Belize PM says no change in 'gender policy' to result from court ruling

Friday, August 19, 2016

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BELMOPAN, Belize (CMC) — The Belize Government says there will be “no gender policy” as a result of a recent ruling by the  Supreme Court that overturned the country’s sodomy law, ruling that Section 53 of the Criminal Code which criminalises consenting intercourse between adults of the same sex contravenes the right granted by the Constitution.
According to Prime Minister Dean Barrow: “No gender policy will emerge in consequence of the chief justice’s ruling and do or set out some of the things that the churches seem to fear are inevitable consequences. It won’t happen. Nothing will change except, as I said, in this narrow regard."
Earlier this month, the Lesbian, Gay Bisexual and Transgender (LBGT) activist Caleb Orozco and his United Belize Action Movement (UNIBAM) expressed satisfaction with the ruling by Chief Justice Kenneth Benjamin ruling that Section 53 of the Criminal Code contravenes the right granted by the Belize Constitution.
“I can, in good conscience, say to the nation that insofar as the claimants are concerned, they have been given what is without a doubt a shield, they have not been given a sword, and the entire nation must understand this,” Barrow told reporters.
Orozco and the group had in 2010 challenged the law claiming it contravened the country’s constitution of no interference with a person’s dignity and personal privacy, as well as equality and equal treatment of all persons before the law.
In a letter written by the Roman Catholic Church to Prime Minister Barrow earlier this week, Bishops Dorick Wright and Christopher Glancy highlighted the urgent need for appeal of the ruling, noting that in other countries decriminalisation of certain aspects of the sodomy law had been successfully challenged.
The church maintains that legalisation gave sudden rise to gay marriage legislation, laws which seriously breach the right of a child to a mother and a father.
The church further contends that decriminalisation can allow for the establishment of “a draconian gender agenda in the school system”.
But Prime Minister Barrow said, “We will, I repeat, make the rounds to set out Government’s position clearly to try to educate people.
“We will continue to appeal for calm and respect to the ruling and for the differences among us.  We will not just do the media rounds, if there are pamphlets and bulletins and literature that we have to put out we will do so.
“Cabinet has directed that we meet with the churches so that what I am saying here might be repeated and have the benefit of their forensic questioning of government in order to try as much as possible to clarify this absolutely horribly complicated issue,” he told reporters.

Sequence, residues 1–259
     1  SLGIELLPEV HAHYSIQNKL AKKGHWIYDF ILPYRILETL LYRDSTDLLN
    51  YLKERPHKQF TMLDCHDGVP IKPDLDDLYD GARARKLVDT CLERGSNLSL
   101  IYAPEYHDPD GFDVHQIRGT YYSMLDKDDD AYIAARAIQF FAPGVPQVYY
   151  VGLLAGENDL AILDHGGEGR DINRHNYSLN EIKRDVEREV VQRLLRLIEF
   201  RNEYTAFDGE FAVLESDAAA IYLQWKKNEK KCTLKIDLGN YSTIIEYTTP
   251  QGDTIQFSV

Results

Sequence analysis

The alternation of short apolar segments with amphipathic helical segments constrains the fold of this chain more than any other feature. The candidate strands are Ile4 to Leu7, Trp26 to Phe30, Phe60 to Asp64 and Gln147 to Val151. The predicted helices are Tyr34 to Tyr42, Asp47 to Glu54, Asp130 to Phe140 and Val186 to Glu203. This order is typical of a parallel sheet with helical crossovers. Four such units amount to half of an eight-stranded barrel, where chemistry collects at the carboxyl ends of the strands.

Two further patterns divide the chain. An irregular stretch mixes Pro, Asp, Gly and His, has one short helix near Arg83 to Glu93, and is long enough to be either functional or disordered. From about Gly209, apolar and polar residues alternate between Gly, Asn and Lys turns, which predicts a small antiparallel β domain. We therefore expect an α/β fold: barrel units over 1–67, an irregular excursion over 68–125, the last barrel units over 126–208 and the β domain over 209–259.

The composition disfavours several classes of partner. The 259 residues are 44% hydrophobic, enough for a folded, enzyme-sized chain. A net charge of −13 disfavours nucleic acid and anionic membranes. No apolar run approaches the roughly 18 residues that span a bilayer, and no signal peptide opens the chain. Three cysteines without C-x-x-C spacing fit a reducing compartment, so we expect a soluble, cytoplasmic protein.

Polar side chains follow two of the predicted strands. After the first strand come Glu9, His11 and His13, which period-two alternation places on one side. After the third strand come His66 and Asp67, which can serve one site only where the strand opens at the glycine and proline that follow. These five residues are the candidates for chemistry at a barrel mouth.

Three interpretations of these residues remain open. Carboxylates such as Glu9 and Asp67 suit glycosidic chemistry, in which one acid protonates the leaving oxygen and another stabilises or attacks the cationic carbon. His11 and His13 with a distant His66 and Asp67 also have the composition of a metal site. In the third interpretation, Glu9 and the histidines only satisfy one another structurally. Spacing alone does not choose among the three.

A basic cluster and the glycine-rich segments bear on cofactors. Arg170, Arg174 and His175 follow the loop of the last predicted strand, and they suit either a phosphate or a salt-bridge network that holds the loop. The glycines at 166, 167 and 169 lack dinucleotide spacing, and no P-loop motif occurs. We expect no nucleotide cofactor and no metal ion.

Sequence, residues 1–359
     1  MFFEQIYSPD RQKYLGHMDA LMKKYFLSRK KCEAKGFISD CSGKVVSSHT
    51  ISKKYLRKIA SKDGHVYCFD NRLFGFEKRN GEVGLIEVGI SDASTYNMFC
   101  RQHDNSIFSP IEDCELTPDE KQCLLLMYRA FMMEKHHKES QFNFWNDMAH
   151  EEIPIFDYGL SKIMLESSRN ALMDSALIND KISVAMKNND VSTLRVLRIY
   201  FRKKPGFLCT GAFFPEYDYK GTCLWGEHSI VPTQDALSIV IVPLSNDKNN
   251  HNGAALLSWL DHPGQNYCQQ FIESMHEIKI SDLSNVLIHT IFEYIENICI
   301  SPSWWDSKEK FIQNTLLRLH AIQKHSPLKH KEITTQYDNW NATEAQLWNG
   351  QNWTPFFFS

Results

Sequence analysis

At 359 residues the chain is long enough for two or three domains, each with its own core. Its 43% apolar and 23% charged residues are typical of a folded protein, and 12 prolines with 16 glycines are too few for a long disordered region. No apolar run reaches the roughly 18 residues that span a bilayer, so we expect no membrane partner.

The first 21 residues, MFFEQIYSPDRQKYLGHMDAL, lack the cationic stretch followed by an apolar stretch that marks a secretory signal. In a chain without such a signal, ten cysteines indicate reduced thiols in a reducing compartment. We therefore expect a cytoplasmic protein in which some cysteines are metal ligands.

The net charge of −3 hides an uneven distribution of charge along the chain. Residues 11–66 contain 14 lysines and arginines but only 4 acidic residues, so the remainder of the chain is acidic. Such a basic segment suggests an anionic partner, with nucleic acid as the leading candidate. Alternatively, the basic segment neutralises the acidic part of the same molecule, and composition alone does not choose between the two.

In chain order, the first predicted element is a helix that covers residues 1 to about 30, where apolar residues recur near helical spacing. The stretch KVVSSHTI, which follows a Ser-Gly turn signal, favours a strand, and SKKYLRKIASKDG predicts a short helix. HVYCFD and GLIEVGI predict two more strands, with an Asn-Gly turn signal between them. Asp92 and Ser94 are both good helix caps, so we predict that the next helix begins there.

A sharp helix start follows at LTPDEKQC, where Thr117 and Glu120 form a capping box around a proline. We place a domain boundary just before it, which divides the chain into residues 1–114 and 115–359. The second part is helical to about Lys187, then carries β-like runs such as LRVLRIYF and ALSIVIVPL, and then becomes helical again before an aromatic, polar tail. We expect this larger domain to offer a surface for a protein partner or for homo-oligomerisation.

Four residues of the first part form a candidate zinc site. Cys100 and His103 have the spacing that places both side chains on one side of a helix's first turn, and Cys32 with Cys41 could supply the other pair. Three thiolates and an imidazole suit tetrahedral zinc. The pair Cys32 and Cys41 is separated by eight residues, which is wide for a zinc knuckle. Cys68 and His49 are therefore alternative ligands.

But Barrow made it clear that his administration would not be appealing the decision of the Supreme Court.
“The chief justice found that that section, except by reading it down, is against the Constitution of the country which is the supreme law, that is the role of the chief justice, that is the function of the judiciary in our society.”
Barrow said that he had been approached by a pastor telling him that the chief justice amended the Constitution.
“He did no such thing.  He amended Section 53 and he interpreted the Constitution with respect to one provision in a certain way, but again as the attorney general has said that is the role of the judiciary.  That is the function of the courts in our constitutional democracy.
“So disagree with it all you like, and that is also your right in a democracy, but please do not say it is what it is not and please do not say that it is the government.  We fought the case [and] we have to pay costs you know, not any; that is what I would want to appeal.
“The chief justice ordered costs only against the government.  The churches which filed these copious, voluminous briefs don’t have to pay anything and then the National Evangelical Association [of Belize] says I must file an appeal on their behalf.”
Prime Minister Barrow said that the question of costs is really secondary “but it is to make this point that we were, the attorney general was the defendant, the government fought to uphold Section 53 whether rightly or wrongly.
“The government fought to uphold Section 53 but the courts in pursuance of their legitimate and mandated function found that Section 53 is unconstitutional.  Government must respect that but don’t say that that means that it’s the government that changed the law,” he added,
Meanwhile, the main opposition Belize Progressive Party (BPP) is calling on the government to make the ruling an issue for a referendum here.
BPP leader Patrick Rogers said "…referendums are used to guide elected members in Government, what the will of the people they are governing is”.
According to Rogers, "any responsible administration, after seeing the results of a referendum... if they choose to maintain a stance that is in opposing view to that referendum result... won’t be governing much longer. Because laws must benefit the population – our Constitution says to make laws that are beneficial to the people of Belize, right? So if the law is not beneficial to us, we have a right to resist that law, okay? If we say we want the law to be this way and the Government refuse to put the law this way, they won’t be governing too long”.
The BPP treasurer, Robert “Bobby” Lopez, said the party will go to its financiers to raise at least BDS$300,000 to fund what he termed the “People’s Referendum”.

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